Save the Children says 400,000 children are at risk of dying from starvation
By the Today programme's Mike Thomson
Britain's aid agencies are launching an appeal to help the people of Niger where half the country's population is going hungry following droughts which have led to crop failures and food shortages.
A listless little boy with stick thin arms and legs is weighed at an emergency treatment clinic for under fives near Maradi in Southern Niger.
Abiou, who is just 13 months old, weighs less than four-and-a-half kilos. His half-closed eyes stare out from sunken sockets set in a head that now looks too big for him.
Doctor Mourou Arouna Djimba says he is now being overwhelmed by youngsters like Abiou. "There's a massive need here," he told me.
"We've so little room that sometimes we need to put two or even three children in one bed. We've got 30 in this intensive ward, and this morning another five more severely malnourished children arrived."
In the face of the crisis, the charities Save the Children (STC) and Oxfam are each launching multi-million pound appeals for drought-ravaged Niger.
A family in a drought-hit village near Tanout in southern Niger
STC says 400,000 of the country's children are at risk of dying of starvation. This follows the failure of rains last year which led to widespread crop failure, a situation greatly aggravated by soaring food prices which have left many people unable to afford to buy even staple grains like millet.
With the next harvests not due until September many people will have little or nothing to eat until then. In all, half of this landlocked country's 15 million people are now in need of food aid.
A couple of hours drive east of Maradi, Niger's third-largest city, around a thousand people, many looking desperate, form long lines outside an emergency feeding centre.
The noise is almost deafening. While they wait under the sweltering sun tempers begin to flare. Some begin pushing at the door and shouting to be let in.
The magnitude of this crisis has not been seen before
The UN's Khardiata Lo Ndiaye
It's all too much for a middle-aged woman in the crowd who, at one point, struggles to remain on her feet.
When the pushing subsides she tells me how difficult it now is to feed herself and her family. "Last year my crops failed five times," she explains. "Each time they grew a little but there was no rain so they died. I have no food whatsoever. All I can do is look for leaves and herbs to eat."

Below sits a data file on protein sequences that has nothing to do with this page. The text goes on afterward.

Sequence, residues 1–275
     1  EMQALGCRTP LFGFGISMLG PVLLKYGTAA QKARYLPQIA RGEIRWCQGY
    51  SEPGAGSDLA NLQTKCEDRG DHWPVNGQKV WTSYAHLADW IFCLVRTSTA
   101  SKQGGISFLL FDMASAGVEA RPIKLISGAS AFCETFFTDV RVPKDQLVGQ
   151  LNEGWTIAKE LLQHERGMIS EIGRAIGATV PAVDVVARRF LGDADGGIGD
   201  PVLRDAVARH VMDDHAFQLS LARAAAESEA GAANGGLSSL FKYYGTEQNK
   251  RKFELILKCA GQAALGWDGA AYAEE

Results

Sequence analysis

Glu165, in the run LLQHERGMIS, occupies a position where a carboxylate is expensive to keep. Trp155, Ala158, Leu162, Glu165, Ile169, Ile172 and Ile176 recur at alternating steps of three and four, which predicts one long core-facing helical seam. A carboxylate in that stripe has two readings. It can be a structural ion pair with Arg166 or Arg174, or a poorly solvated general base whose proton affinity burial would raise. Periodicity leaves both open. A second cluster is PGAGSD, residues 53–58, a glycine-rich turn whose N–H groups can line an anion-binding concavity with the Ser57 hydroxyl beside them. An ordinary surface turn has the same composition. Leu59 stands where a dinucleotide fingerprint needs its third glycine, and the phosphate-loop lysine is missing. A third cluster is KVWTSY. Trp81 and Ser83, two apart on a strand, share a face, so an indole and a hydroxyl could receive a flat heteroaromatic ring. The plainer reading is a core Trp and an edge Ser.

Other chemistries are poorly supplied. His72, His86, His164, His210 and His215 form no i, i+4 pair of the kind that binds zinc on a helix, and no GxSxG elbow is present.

When I point out that the leaves she is holding in her hand are unlikely to have much food value in them, she shrugs and replies "That's right. They have no goodness in them but at least they fill our stomachs."
Droughts are nothing new in Niger but this one is exceptionally bad. Most insist it is worse than the one five years ago that caused widespread suffering.
Women and children queue at a feeding centre near the city of Maradi
In the isolated village of Makanga, around two hours walk from the town of Tanout, the noise of donkeys, goats and chickens fill the air. But with many here now being forced to sell their animals to get money to buy food, such sounds might soon disappear along with the villagers themselves.
A village elder, Musa Haj Haroon, stares at the ground as he tells me: "The only asset I've got is my livestock. Every now and then I take two or three goats and go and sell them in the market. This is the only way I can get money to buy food.
"If my livestock runs out we will have to leave this village, there is no other solution. And if the rains are bad again this year everyone will go and this will become a deserted village."
We're facing real starvation. It is happening already.
Save the Children's Ibrahim Fall
Many have left their homes already in search of food. Hani is a fifty year-old mother of eight who has seen five of her children die in recent years. Last month, after her crops failed, she and her family left their village and made their way by foot to the capital, Niamey.
Although it is not the first time that they have been forced to do this following earlier droughts, it was a journey they are unlikely to forget. "We walked for a long way, a very long way. I'm not sure quite how far it was. I have no way of knowing," she told me.
"At one point I thought we were all going to die on the road. But my children were so hungry. I had no alternative. If we had stayed there I am sure we would all have died."
Niger's clinics are being overwhelmed by malnourished children
But, in times like these, the capital of the world's least developed country has little to offer those who flee here - sometimes after travelling hundreds of miles - and beggars swell the city's streets.
STC's country director, Ibrahim Fall, describes the current situation in Niger as a "silent" crisis, given how little attention it has been given by much of the world's media.
"We're facing real starvation. It is happening already. Children are starving. Money is not coming at the speed and the volume that we need which is why we want to make this appeal to raise the level of this emergency from being silent to something much louder."
Such frustration is shared by Oxfam's country director in Niger, Mbacke Niang: "We've been alerting everybody since a couple of months," he says. "But it seems like our warning has not been heard or acted upon. And that's what is really worrying for us."
So far the United Nations has only received just over half the money it appealed for to deal with the crisis. And the organisation's head of coordination in Niger, Khardiata Lo Ndiaye, says this shortfall grows more serious by the day, adding "the magnitude of this crisis has not been seen before.
"If we respond now we can handle the situation but each day counts. Money is needed now to save lives."
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